Don't expect to go to any school and be spoon-fed what you need to know, consider the school to just point you in the right direction. Maximize your class time with the teacher by being ahead of what's being taught, so you have your questions and confusions worked out ahead of time.

The real learning and advancement takes place on your own time (which it seems like you have/will have a lot of). Leverage your asset of internet access, and all the free knowledge out there. Minute for minute, you can get a much more solid education teaching yourself online then you can in a classroom.

I certainly agree with the above about certifications being semi-worthless. There are so many 'test prep' teaching materials out there that can show you how to ace the certification tests without actually knowing the stuff tested that it erodes their value - yet you still need them. Don't be that guy with a wallet full of certifications and still can't find the power button on a computer.

If you really want to get into computers for a living, especially being older, you've got a lot of catch up to do. Something like this isn't like other sectors in the job market, you have to keep learning consistently and love it or you'll fall behind very quickly.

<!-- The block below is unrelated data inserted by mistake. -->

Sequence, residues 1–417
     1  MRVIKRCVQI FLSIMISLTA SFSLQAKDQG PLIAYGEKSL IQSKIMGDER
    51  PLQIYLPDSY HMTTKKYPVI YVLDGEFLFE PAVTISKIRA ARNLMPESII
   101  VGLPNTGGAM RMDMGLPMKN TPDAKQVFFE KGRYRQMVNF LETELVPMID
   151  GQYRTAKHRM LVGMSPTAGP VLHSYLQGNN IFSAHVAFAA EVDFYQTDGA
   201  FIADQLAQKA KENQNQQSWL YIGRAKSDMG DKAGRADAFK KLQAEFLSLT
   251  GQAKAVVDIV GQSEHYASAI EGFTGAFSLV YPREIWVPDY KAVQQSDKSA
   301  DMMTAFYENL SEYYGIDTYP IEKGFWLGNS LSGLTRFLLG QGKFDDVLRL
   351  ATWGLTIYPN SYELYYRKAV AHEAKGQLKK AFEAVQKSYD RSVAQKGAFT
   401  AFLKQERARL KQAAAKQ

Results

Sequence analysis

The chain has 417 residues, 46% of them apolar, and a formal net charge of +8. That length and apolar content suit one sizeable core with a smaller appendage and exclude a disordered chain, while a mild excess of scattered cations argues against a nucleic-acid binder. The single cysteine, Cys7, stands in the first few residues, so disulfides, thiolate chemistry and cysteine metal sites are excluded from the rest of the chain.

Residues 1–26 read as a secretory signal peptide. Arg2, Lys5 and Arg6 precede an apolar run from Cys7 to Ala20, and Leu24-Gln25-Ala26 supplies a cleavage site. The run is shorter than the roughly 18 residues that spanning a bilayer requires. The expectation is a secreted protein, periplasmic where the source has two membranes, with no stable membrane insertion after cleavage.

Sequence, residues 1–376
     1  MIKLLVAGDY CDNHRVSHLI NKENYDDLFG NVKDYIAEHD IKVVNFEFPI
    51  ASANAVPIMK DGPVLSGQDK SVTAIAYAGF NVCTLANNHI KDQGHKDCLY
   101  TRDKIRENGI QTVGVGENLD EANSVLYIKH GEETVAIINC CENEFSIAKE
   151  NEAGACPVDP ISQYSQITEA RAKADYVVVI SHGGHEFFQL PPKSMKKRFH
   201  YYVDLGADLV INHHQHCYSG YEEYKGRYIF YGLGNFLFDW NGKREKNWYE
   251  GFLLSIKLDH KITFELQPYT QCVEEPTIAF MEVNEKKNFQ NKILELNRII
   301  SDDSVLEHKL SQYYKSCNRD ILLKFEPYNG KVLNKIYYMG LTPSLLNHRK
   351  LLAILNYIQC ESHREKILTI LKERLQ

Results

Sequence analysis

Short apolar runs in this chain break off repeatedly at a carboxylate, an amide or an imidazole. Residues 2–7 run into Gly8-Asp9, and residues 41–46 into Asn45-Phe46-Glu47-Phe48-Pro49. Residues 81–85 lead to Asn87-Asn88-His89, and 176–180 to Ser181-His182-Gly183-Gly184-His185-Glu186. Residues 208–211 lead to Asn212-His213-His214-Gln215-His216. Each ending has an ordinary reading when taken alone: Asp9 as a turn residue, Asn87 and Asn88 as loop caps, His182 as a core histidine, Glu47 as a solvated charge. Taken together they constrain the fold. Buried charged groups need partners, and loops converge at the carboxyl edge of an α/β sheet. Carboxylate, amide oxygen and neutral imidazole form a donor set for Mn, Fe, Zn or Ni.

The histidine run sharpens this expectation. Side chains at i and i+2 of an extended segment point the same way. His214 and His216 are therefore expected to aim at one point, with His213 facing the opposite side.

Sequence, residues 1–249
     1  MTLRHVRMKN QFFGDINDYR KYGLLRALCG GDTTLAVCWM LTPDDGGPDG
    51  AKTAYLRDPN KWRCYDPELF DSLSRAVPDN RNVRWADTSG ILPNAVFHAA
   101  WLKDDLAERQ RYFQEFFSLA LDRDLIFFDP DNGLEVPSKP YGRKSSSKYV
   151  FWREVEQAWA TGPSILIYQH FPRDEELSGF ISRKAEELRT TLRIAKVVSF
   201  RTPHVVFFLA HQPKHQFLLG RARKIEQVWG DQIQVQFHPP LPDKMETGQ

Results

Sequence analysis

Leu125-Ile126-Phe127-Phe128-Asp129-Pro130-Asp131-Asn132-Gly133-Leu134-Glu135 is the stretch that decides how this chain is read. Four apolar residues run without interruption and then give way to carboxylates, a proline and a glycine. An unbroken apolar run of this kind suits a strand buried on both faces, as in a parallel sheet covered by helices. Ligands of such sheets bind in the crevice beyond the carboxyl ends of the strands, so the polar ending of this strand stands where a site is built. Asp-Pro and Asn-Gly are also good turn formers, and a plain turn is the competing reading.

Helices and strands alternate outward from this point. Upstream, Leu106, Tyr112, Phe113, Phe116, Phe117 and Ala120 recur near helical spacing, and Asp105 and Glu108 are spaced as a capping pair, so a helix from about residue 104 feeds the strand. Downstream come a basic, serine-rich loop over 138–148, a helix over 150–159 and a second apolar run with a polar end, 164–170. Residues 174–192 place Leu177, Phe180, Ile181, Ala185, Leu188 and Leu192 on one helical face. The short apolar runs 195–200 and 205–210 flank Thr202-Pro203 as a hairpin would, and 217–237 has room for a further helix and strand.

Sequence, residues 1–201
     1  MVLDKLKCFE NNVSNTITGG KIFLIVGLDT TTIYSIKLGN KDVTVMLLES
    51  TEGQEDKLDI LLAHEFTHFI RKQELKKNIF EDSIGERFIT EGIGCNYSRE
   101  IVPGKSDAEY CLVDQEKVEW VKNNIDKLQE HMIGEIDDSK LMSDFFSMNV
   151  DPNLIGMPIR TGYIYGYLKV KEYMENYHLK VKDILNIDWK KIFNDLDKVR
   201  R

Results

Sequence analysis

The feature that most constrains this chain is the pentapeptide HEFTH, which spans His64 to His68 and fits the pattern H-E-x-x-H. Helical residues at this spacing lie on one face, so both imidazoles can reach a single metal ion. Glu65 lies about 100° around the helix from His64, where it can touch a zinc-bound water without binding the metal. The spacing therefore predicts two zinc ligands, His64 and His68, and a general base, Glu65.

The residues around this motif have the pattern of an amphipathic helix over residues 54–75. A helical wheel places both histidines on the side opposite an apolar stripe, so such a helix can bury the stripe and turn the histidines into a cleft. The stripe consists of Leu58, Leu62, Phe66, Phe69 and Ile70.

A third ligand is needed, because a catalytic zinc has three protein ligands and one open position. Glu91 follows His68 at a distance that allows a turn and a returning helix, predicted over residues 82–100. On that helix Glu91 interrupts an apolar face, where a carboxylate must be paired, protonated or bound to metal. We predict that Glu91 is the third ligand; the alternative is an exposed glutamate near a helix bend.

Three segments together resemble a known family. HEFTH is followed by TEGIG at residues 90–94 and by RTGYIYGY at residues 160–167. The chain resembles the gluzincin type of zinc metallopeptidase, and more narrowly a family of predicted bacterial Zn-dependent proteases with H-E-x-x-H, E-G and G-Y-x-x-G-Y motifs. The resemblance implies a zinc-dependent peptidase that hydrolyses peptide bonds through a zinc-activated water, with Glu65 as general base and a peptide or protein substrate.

People that are into computers usually get into mechanic-type stuff as a hobby to unwind, working on cars and such. I don't know about vice-versa, but the thinking skills and general brain usage is a close match. You have a leg up in that regard, as your current career path is probably a lot more related to what you want to get into then you may realize.

Make sure to be somewhat familiar with windows, mac and some flavor of linux/unix before you begin. At least know how to navigate through those environments at the most basic level. You can't get into IT and not have at least some level of comfort with them all.

Also, while you're in school, try to find some kind of internship you can participate in while working on your degree. Maybe a few hours a few days a week at a local library or something, they're always hurting for money and could use free help. You need to build some kind of professional references in the IT field or you'll never find work. No one really wants anyone whose experience is limited to the classroom.

I know that a lot of what i've said is general stuff and all over the map, but IT is a huge field with many specialties and focused abilities. General computer anything only gets you so far. You didn't mention what you'd want to get into, or what your current level of ability is so i'll leave you with one last recommendation:

If you could pick a specialty, or something to focus your attention on, database management is the best thing to get into. People that can fix a computer are a dime a dozen, and that will be your natural tendency given the field you are coming from.

People that can maintain and secure a database well are and will continue to be in demand. The more digital our lives and business become, the more important creating, maintaining and securing databases becomes.

And for the sake of all that is holy - learn everything you can about backing up data. Make backups of your backups, and don't ever get caught with your pants down in this regard.